those people still had a tax bill to pay before, they just didn't qualify for the grant. it that situation if they need to they can defer the taxes untill they sell or will the property on to someone else.

I'm not a human in real life, I just play one on the internet. 

Jan. 9, 2017, 10:11 p.m.
Posts: 15470
Joined: May 29, 2004

those people still had a tax bill to pay before, they just didn't qualify for the grant. it that situation if they need to they can defer the taxes untill they sell or will the property on to someone else.

The problem with the system is that a 200000 dollar 3 bdrm house doesn't cost less to service than a million dollar house . Just because the perceived value of a house has gone up doesn't mean the homeowner should foot a higher tax bill.

Jan. 9, 2017, 10:21 p.m.
Posts: 11666
Joined: June 4, 2008

The problem with the system is that a 200000 dollar 3 bdrm house doesn't cost less to service than a million dollar house . Just because the perceived value of a house has gone up doesn't mean the homeowner should foot a higher tax bill.

The issue discussed in this thread is not about a higher tax bill. It's a threshold passed in which you aren't getting a free ride from the government any further.

Regarding the comment, "Won't anyone think of the grizzled van-westsiders who've been there for thirty years and can't stomach $500 extra year"… I think we should first ask how much they're paying in taxes. If it's $2,000 a year, you might have grounds to argue from.

Jan. 9, 2017, 10:33 p.m.
Posts: 689
Joined: Nov. 23, 2002

The problem with the system is that a 200000 dollar 3 bdrm house doesn't cost less to service than a million dollar house . Just because the perceived value of a house has gone up doesn't mean the homeowner should foot a higher tax bill.

you can't say that for sure unless you do a direct comparison between the two houses as the million dollar house may cost more to service or it may actually cost less. considering that we don't pay any tax on the value/profits of our primary residences when we sell them, i think it's entirely fair that the property tax we pay is based on the current value of the home.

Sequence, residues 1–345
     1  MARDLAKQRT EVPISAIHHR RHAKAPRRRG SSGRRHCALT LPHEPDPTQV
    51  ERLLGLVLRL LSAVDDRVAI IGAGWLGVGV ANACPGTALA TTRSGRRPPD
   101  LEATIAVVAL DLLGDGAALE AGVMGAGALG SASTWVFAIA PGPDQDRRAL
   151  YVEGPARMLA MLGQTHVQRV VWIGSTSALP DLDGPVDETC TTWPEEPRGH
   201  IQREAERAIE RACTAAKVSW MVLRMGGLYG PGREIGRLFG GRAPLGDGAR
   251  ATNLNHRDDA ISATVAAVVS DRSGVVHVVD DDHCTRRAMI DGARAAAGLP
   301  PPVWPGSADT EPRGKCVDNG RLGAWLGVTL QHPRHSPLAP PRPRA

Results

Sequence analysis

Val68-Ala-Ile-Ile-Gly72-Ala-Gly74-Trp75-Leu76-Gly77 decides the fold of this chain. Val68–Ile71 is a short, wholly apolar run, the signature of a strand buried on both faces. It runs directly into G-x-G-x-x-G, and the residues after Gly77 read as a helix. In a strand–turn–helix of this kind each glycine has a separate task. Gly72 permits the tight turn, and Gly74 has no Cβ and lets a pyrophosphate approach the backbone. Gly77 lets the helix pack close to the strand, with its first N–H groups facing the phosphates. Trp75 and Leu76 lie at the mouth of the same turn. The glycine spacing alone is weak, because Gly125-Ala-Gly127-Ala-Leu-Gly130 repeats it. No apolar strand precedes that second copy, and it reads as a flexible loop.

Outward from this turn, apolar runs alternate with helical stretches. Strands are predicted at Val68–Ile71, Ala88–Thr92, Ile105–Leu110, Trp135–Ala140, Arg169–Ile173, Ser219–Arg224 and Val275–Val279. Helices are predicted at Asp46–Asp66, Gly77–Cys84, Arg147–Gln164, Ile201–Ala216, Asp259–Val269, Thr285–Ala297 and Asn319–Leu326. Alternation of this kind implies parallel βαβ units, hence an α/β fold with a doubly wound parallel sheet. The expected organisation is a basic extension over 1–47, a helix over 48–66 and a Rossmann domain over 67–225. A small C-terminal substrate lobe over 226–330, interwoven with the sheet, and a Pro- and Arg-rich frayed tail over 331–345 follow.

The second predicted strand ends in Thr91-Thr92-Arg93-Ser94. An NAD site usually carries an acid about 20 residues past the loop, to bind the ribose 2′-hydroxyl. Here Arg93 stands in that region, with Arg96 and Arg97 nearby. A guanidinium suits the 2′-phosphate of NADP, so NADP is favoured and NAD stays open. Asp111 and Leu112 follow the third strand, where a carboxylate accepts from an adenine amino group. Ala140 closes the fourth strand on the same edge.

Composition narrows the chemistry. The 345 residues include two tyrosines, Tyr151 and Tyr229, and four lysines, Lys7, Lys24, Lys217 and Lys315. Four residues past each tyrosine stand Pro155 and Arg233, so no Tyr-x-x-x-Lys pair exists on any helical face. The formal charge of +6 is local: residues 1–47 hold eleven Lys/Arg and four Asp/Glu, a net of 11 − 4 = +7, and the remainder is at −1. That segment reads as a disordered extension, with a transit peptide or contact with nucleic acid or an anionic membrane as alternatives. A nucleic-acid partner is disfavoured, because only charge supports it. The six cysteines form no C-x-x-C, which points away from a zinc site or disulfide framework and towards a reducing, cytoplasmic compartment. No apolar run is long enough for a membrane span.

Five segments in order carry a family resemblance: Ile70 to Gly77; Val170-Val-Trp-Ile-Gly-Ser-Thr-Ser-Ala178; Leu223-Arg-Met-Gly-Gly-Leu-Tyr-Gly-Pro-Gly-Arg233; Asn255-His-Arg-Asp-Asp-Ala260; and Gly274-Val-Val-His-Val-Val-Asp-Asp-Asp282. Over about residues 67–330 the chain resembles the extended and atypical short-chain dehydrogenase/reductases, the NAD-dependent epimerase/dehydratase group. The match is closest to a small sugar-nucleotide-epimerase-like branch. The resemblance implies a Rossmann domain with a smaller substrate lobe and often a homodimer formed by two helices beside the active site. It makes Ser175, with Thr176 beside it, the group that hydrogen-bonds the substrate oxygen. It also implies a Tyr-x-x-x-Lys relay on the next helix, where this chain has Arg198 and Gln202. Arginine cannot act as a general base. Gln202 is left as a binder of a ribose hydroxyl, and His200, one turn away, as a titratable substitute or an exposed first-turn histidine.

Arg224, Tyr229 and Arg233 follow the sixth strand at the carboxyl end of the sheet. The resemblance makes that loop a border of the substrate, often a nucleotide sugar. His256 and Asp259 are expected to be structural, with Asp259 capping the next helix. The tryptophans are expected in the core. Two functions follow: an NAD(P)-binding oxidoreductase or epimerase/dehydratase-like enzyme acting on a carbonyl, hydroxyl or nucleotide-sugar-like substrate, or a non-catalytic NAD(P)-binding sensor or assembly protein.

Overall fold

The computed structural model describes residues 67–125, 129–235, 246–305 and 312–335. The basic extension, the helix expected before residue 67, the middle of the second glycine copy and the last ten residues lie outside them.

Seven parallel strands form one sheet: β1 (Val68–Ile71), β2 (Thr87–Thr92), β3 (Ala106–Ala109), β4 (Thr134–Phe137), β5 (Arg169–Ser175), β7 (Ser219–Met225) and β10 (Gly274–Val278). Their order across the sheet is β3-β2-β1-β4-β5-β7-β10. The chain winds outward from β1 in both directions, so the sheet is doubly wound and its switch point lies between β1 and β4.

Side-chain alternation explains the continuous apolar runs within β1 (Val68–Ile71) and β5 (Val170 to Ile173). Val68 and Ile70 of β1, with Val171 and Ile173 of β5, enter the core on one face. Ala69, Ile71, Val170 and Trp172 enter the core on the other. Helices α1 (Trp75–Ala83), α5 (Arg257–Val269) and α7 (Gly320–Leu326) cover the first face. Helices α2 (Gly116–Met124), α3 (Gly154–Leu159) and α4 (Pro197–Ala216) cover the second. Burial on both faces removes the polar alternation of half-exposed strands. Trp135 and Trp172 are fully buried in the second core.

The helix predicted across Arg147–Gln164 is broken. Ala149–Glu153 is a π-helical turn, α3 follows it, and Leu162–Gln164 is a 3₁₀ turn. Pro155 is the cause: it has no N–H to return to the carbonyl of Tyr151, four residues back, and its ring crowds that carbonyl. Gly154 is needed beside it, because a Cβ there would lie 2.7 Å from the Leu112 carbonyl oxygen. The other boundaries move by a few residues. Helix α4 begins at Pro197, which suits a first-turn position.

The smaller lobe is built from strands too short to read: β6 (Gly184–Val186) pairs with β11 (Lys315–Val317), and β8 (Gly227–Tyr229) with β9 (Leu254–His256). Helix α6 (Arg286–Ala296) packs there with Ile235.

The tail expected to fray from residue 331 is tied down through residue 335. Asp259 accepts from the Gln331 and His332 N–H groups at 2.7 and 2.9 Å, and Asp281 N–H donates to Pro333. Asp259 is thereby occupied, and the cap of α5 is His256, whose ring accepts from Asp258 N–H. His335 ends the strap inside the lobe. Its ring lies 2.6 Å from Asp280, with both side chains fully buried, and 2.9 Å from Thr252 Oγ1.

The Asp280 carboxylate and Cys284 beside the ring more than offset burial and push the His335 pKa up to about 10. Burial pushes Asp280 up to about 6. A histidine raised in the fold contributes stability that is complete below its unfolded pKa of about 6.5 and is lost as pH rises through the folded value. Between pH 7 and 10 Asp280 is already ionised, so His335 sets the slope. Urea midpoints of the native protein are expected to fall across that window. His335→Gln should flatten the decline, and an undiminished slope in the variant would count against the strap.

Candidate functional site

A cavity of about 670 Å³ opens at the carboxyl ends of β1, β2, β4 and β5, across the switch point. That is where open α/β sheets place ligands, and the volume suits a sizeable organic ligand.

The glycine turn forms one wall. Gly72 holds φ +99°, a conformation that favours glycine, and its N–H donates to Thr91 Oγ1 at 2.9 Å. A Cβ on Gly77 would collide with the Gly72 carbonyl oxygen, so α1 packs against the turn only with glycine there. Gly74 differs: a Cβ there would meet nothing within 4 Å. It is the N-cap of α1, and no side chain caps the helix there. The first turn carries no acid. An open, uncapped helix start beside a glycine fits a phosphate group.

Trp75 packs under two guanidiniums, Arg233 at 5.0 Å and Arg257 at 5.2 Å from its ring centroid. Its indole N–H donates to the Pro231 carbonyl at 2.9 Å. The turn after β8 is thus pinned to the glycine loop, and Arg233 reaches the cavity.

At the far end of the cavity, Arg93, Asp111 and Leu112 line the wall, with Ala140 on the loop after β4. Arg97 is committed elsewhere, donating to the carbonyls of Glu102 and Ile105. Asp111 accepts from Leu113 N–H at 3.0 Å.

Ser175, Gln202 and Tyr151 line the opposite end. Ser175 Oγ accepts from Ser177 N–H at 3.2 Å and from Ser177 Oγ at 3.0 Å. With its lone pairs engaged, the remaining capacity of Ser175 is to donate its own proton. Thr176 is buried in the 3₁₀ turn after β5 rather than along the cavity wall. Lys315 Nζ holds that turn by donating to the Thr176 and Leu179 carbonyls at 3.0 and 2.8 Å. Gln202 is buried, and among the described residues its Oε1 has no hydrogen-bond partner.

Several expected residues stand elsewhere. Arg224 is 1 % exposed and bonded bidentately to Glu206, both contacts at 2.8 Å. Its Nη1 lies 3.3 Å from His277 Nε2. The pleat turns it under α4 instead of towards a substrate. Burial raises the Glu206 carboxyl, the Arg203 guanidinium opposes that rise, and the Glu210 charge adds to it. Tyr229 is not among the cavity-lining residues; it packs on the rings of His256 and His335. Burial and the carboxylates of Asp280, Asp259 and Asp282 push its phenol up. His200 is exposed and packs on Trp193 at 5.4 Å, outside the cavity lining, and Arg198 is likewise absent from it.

again, if someone is in a situation where they can't afford to pay their property taxes then there are measures available if one qualifies - over age 55. in the case you're proposing, pensioners would qualify for that tax relief and they don't have to pay property tax at all. for those who don't qualify and find that extra $570 per year - $48/month - in taxes to be too much to handle then maybe they shouldn't be owning a home if $50/month is going to sink them as that's horribly poor financial management.

if there was no option for deferment then i would agree with you, but as it stands i think you have no basis for your argument.

I'm not a human in real life, I just play one on the internet. 

Jan. 10, 2017, 3:24 a.m.
Posts: 1584
Joined: June 20, 2003

I don't think people are going to be financially ruined by a $570 increase but it's just a bummer when that means $570 of what used to be play money, or investment money or whatever, is now going to taxes instead.

Jan. 10, 2017, 11:13 a.m.
Posts: 8935
Joined: Dec. 23, 2005

The issue discussed in this thread is not about a higher tax bill. It's a threshold passed in which you aren't getting a free ride from the government any further.

Regarding the comment, "Won't anyone think of the grizzled van-westsiders who've been there for thirty years and can't stomach $500 extra year"… I think we should first ask how much they're paying in taxes. If it's $2,000 a year, you might have grounds to argue from.

Use the Googler.

http://vancouver.ca/home-property-development/residential.aspx

$3.16567 for every $1000 of taxable assessed value.

Pretty sure that's just the city portion, there will be school, translink, and other added on top of that.

City of North Van has some good sheets showing their break downs if you click on the pdf's.

http://www.cnv.org/property-and-development/property-taxes

Forum jump: